In the 1860s, the Carquinez Strait was recognized as providing ideal conditions for harbor facilities, particularly a deep water channel close to the southern shore. The owners of the Central Pacific Railroad realized that by building a line from Oakland along the south shore of the strait and beyond would allow for low level access to the agriculturally rich Great Central Valley, a crossing by ferry or bridge to the north shore, and service to numerous developing port facilities.
The Northern Railway Company, a subsidiary of the Central Pacific, was incorporated July 19, 1871, to construct a line from Oakland to Martinez. Also incorporated on the same date was another subsidiary, the San Pablo and Tulare Railroad. This company was charged with building a line connecting Martinez with the Central Valley.
In Martinez in the year 1877, an engine house, water tower, turntable and station were constructed in the vicinity of Ferry Street. The station was built in the “chalet” style typical of the standard depot design used by the Central Pacific Railroad in the late 19th century.
Over the years, the station structure was expanded to provide additional space for handling more freight, and to better serve increasing numbers of passengers. The interior photo, circa 1915, shows the waiting room shortly after a reconstruction that allowed for better passenger accommodations.
The benches pictured are the same style as the one displayed in the Martinez City Council Chambers, courtesy of Patricia Berty and her family. These benches were constructed as single units as well as double sided.
Patricia’s father, Clem Street, worked for the Southern Pacific Railroad (part of the Central Pacific) as a signal maintainer. He moved his family to a residence on Brown Street shortly after returning from service in the Army during WWII.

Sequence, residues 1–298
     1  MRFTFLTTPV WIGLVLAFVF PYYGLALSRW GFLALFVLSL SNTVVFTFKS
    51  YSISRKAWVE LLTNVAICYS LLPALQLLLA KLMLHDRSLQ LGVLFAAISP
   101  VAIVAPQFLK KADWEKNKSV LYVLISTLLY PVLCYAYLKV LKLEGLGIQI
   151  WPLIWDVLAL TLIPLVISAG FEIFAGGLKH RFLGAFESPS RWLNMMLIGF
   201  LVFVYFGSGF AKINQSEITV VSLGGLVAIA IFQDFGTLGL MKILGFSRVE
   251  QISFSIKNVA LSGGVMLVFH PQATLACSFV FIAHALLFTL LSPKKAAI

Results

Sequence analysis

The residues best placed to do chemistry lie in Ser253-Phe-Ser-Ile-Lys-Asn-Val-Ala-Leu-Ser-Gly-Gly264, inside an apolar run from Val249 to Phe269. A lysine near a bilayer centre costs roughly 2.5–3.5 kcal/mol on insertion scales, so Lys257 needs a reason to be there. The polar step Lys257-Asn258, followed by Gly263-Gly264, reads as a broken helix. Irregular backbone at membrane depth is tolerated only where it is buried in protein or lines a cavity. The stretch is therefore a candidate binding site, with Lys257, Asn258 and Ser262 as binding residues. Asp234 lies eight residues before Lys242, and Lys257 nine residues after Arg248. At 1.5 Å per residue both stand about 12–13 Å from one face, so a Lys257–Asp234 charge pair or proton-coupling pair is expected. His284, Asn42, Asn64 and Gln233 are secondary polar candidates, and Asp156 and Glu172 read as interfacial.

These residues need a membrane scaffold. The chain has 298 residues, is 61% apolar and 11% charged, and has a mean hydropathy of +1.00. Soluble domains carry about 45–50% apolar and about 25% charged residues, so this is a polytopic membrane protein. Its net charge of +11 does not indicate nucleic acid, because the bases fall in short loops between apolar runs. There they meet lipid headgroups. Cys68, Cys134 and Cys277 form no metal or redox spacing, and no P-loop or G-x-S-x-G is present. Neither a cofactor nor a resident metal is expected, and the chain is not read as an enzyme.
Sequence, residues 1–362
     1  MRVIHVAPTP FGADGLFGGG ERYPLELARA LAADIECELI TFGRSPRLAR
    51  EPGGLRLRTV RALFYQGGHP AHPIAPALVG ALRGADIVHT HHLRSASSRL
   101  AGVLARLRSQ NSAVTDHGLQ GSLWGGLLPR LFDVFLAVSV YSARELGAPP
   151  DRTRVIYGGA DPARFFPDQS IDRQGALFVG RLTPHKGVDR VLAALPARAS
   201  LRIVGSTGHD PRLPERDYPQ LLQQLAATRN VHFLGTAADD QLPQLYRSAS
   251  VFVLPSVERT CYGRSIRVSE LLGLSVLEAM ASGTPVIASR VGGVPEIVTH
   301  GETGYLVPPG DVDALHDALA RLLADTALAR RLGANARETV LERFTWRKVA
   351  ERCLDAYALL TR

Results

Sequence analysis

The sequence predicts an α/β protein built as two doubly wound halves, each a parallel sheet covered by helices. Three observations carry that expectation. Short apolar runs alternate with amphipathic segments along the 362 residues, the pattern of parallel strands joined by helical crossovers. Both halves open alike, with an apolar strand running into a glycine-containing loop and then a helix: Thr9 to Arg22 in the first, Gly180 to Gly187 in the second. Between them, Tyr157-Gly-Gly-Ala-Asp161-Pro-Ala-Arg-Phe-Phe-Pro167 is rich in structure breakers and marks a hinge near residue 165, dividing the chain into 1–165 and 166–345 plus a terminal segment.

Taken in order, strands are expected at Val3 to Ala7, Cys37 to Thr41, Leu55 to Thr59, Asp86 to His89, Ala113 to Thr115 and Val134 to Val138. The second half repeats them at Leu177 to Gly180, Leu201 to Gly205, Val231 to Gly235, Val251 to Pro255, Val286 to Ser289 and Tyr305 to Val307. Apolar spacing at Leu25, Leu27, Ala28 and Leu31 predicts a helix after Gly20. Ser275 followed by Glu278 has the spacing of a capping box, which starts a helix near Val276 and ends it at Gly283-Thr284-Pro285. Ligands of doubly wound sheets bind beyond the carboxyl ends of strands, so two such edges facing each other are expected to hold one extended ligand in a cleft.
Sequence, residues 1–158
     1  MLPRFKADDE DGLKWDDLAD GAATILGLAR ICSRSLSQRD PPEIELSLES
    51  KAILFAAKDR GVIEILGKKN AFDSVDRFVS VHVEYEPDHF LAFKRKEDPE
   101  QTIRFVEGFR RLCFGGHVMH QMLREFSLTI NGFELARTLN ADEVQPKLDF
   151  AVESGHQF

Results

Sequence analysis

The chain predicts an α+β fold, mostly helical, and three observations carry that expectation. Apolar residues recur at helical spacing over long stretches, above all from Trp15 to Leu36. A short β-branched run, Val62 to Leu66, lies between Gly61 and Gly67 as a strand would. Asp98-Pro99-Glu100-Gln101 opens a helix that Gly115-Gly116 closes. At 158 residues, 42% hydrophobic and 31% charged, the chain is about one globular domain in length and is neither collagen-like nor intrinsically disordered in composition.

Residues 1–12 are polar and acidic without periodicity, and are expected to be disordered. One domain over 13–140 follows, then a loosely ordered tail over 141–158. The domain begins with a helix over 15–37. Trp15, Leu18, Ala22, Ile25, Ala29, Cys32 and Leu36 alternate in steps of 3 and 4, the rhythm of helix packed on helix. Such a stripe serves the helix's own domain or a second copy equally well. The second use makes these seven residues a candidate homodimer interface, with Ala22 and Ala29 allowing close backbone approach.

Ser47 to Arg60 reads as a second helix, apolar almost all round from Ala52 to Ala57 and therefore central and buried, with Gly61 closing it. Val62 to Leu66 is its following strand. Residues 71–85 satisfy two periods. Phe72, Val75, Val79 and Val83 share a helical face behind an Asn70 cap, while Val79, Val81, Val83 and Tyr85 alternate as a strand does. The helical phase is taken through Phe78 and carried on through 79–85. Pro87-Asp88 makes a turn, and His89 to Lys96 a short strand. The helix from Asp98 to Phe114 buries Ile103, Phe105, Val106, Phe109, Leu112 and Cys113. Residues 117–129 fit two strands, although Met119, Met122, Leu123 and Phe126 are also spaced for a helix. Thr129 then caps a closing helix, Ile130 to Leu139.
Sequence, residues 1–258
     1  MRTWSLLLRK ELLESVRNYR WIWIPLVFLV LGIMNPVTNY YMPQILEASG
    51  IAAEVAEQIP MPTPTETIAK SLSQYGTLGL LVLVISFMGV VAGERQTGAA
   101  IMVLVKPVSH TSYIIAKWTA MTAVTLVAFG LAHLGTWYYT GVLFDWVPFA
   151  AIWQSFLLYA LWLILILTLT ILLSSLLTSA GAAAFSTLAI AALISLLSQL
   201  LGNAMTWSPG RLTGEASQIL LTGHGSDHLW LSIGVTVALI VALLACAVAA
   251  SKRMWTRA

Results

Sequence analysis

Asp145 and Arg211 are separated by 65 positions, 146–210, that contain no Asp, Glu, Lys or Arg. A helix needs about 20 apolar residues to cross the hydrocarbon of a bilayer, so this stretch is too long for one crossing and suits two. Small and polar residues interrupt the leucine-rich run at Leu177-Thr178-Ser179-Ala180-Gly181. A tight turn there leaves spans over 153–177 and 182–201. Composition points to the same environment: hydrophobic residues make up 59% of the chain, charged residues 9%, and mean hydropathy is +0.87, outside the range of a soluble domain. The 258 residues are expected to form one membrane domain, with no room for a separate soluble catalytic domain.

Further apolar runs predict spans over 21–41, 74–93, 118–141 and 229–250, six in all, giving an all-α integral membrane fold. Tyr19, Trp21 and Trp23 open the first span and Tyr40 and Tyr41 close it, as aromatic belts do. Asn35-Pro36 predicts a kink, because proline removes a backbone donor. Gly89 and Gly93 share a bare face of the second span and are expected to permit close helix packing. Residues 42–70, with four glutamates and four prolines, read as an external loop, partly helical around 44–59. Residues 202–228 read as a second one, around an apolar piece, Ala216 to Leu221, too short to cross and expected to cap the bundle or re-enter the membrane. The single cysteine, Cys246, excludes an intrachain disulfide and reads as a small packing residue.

When the furniture in the depot waiting room was changed, the wooden benches were stored in the signalmen’s workshop. From there they were given away to anyone who wanted them.
Mr. Street took one home, painted it, and placed it in the family’s pool house where it remained for many years. In 1991, Patricia and her husband moved to Beavercreek, Ohio. Clem shipped the bench to his daughter. Her husband refinished it and put it in their basement recreation room.
Several years ago on a trip west to visit her father, Patricia came to the Martinez Museum where she met the museum director, Andrea Blachman. The bench was a topic of conversation that day and, after some correspondence over the intervening years, arrangements were made for the bench to be returned to Martinez.
The Martinez Historical Society is profoundly grateful to Clem Street for saving this historical artifact, and to his daughter, Patricia Berty, for sending it back to Martinez and donating it to the Society.